Five simple lifestyle interventions which will protect your fertility and egg health
If I had to pick only five lifestyle interventions in terms of being simple to implement and bringing immediate and measurable benefits to women over 35 who are trying to get pregnant, these would be:
1. Stop smoking.
Smokers are 30 percent less fertile than non-smokers and three times more likely to take more than a year to get pregnant.
2. Bring your BMI to the level recommended for your age.
Being overweight reduces fertility and egg health. Please continue reading here: Have PCOS? Lose weight to get pregnant faster
3. Eat a diet which supports fertility.
For an average healthy woman, this will mean, eating Mediterranean diet, or anything similar.
For women with ovulatory disorders, eating a fertility diet as published by the Harvard researchers will work even better.
Though the two eating styles are very similar, there are subtle differences and those with a diminishing egg reserve and those who simply have not much time to wait, will save time by sticking consequently to one of the two eating styles in the months prior to trying to conceive.
4. Take a prenatal vitamin.
You can choose any of the major supplement brands, only make sure it contains 800µg folate. In theory, you could just take folate alone but the fact is, most young women have low iron levels and are often vitamin D deficient, so a prenatal vitamin will work against slipping into a deficiency range which could seriously interfere with conception and implantation. (In this post I’ve summarized the differences between folic acid and folate).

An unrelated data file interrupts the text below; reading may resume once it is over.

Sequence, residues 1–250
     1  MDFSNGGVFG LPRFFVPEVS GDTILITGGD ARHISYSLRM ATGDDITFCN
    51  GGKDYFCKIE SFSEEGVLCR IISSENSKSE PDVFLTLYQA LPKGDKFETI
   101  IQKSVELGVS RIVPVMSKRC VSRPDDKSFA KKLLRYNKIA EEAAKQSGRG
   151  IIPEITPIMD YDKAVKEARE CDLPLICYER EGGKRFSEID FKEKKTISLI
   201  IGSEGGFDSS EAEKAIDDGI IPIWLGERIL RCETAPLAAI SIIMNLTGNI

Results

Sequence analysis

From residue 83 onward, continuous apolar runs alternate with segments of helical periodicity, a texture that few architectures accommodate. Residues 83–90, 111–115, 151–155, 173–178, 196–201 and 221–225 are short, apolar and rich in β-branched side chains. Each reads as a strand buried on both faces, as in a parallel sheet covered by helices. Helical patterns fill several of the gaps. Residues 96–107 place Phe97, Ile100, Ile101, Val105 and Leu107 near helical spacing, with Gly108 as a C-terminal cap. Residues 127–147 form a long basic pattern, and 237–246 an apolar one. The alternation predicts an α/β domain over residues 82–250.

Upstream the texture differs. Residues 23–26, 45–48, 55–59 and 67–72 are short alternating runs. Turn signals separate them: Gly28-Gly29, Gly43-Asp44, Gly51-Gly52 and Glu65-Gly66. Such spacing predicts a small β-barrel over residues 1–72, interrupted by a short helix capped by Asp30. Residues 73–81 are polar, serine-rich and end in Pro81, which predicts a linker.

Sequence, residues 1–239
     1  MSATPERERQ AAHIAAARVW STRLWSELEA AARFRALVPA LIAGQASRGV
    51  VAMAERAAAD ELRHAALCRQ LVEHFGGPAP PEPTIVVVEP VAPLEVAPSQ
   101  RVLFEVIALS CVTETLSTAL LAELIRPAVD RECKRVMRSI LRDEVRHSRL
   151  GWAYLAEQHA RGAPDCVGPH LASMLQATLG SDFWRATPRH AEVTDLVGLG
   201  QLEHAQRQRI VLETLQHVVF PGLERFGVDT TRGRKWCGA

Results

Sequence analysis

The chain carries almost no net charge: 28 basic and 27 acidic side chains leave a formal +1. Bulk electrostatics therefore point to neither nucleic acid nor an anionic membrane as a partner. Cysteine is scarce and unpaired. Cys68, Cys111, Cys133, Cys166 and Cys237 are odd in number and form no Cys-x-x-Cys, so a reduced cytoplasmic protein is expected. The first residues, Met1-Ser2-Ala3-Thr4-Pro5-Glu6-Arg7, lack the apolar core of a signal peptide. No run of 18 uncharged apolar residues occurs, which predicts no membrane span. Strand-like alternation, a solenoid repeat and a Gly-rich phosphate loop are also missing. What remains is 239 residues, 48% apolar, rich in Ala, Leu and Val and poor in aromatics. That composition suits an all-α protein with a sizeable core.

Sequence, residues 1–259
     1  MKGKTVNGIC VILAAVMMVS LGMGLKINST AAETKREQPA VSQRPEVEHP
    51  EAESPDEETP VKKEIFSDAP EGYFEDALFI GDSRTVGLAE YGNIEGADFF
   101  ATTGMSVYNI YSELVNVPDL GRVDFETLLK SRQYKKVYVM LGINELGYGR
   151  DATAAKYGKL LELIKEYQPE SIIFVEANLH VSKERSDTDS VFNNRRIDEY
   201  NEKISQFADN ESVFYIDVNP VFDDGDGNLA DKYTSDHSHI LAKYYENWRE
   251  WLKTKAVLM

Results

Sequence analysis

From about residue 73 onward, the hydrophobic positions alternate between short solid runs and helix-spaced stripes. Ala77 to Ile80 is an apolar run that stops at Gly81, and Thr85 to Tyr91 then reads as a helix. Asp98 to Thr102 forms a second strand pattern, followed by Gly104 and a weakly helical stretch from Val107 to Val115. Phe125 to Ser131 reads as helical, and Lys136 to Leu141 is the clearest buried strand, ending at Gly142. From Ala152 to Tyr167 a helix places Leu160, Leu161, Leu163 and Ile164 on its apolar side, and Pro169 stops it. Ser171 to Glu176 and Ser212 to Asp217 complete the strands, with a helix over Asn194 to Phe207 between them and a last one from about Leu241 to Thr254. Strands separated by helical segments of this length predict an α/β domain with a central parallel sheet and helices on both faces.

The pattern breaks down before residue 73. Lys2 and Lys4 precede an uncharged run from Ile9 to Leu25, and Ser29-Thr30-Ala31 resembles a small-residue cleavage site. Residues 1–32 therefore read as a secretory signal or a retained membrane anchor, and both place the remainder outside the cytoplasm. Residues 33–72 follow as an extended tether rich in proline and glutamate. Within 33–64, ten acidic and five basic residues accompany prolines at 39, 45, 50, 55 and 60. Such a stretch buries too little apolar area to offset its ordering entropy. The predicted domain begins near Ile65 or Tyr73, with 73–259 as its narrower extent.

If you are over 35, you should not wait longer than six months before finding out the status of your ovarian reserve.
Would you like to have my advice on your fertility journey? Please send me an e-mail as described here and we’ll set up a Skype-consultation at a time that suits you!
5. At your next annual checkup ask your gynecologist and ask him to check your FSH and AMH.
These two simple values give an excellent estimate of how many eggs you have left. If you schedule your visit to the doctor at the beginning of your cycle (day 1-5) you can have both readouts done from only one single blood draw (while AMH level is stable and can be checked every day, FSH oscillates a lot and tends to be highest and the beginning of each menstrual cycle).
Also talk to your mom to see if there was any unusual fertility history in the family (did one of your female relatives enter menopause too early, for example).
And please, please avoid fertility apps and similar technological and medical over-kills! These things are helpful only to those who are earning money with them and have nothing to do with you connecting to your body and maximizing your natural fertility!
Therefore, instead of putting your trust into apps, trust your body and learn to read the signs which it sends to you every day. This way you will best know your fertility status.
Trust your body and learn to read the signs which it sends to you every day. This way you will best know your fertility status.